“What we need now is a plan that turns all this momentum into practical steps to achieve our big goals. That’s what ‘How to Avoid a Climate Disaster’ is: a plan for eliminating greenhouse gas emissions.”
Excerpt from “How to Avoid a Climate Disaster”
Two decades ago, I would never have predicted that one day I would be talking in public about climate change, much less writing a book about it. My background is in software, not climate science, and these days my full-time job is working with my wife, Melinda, at the Gates Foundation, where we are super-focused on global health, development, and U.S. education.
I came to focus on climate change in an indirect way – through the problem of energy poverty.
In the early 2000s, when our foundation was just starting out, I began traveling to low-income countries in sub-Saharan Africa and South Asia so I could learn more about child mortality, HIV, and the other big problems we were working on. But my mind was not always on diseases. I would fly into major cities, look out the window, and think, Why is it so dark out there? Where are all the lights I’d see if this were New York, Paris, or Beijing?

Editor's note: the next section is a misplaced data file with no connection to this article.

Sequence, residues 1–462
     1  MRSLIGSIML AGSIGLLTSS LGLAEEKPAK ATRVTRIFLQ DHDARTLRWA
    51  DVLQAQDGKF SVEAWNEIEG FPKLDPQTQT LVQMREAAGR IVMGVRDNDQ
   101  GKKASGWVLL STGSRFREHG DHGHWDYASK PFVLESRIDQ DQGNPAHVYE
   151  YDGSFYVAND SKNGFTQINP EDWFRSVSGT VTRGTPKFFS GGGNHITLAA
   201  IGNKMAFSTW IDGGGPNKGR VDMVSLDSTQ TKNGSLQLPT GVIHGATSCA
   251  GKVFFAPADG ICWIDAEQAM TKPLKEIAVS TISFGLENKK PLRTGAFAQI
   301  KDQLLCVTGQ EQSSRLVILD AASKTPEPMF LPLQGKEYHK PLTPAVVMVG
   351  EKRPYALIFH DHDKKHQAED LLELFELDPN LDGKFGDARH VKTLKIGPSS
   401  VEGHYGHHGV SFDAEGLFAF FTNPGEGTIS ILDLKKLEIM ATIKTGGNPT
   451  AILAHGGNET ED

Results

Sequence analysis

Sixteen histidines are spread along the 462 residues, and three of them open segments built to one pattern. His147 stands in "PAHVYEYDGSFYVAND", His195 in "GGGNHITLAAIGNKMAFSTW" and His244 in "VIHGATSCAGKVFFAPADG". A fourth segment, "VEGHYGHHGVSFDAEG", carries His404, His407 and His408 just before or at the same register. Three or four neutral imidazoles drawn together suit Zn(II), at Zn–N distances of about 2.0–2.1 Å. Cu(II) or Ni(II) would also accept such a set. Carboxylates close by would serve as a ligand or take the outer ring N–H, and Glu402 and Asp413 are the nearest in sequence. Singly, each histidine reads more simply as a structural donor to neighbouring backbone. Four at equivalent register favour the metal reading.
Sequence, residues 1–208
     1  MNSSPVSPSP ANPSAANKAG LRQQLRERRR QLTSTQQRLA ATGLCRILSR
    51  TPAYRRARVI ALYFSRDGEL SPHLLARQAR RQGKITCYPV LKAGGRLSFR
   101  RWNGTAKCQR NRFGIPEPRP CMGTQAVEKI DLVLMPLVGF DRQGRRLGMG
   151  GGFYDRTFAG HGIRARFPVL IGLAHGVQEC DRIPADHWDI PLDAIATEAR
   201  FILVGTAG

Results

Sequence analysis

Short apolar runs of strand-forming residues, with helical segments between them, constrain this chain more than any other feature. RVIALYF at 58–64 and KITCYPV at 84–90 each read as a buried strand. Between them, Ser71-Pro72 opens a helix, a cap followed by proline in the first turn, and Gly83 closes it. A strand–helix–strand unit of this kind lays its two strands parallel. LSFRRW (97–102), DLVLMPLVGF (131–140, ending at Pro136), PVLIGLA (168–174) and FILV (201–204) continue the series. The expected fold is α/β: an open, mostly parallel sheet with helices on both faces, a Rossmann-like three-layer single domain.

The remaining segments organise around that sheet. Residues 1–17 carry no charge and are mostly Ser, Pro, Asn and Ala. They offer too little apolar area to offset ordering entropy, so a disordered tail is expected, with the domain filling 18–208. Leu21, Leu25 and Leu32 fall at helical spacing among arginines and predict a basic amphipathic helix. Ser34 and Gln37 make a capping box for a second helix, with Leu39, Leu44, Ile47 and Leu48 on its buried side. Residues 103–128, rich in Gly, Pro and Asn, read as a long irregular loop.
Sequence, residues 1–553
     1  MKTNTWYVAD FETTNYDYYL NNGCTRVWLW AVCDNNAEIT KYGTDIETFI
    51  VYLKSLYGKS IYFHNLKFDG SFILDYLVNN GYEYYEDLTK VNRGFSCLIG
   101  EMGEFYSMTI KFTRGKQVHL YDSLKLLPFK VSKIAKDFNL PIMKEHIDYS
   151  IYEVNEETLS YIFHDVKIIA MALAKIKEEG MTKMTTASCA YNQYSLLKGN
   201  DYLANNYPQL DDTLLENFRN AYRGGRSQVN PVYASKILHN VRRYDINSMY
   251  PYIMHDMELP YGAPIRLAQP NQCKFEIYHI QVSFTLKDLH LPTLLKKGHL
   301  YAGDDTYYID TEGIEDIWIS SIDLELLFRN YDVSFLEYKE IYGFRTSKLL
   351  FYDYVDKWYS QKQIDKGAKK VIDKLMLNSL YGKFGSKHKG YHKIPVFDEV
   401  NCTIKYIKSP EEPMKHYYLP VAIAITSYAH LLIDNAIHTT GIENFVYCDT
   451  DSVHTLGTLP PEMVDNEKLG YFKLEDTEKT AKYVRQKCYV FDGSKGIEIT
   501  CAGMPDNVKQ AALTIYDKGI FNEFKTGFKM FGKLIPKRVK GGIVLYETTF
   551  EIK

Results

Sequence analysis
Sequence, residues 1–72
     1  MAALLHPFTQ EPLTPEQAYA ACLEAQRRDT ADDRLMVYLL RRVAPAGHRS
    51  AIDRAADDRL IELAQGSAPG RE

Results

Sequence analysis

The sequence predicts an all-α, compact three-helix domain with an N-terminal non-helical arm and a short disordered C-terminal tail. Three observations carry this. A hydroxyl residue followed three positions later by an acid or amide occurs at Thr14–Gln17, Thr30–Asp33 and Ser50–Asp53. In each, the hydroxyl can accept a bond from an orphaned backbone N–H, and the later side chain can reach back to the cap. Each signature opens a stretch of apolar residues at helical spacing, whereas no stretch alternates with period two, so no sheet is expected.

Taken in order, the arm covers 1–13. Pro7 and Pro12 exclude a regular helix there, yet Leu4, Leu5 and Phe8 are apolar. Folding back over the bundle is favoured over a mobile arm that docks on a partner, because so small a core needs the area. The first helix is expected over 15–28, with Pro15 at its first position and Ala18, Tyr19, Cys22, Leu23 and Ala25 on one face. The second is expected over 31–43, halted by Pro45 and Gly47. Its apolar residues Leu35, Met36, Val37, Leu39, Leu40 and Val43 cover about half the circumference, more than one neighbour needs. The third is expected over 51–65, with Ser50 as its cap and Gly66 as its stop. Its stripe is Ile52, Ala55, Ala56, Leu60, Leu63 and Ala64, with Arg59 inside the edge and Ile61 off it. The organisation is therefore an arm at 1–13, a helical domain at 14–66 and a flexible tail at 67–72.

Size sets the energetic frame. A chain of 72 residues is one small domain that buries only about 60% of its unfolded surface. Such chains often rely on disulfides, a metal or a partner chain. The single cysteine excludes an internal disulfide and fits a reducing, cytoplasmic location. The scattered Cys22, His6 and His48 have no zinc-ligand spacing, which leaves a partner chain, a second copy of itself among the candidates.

I learned that about a billion people didn’t have reliable access to electricity and that half of them lived in sub-Saharan Africa. (The picture has improved a bit since then; today roughly 860 million people don’t have electricity.) I began to think about how the world could make energy affordable and reliable for the poor. It didn’t make sense for our foundation to take on this huge problem – we needed it to stay focused on its core mission – but I started kicking around ideas with some inventor friends of mine.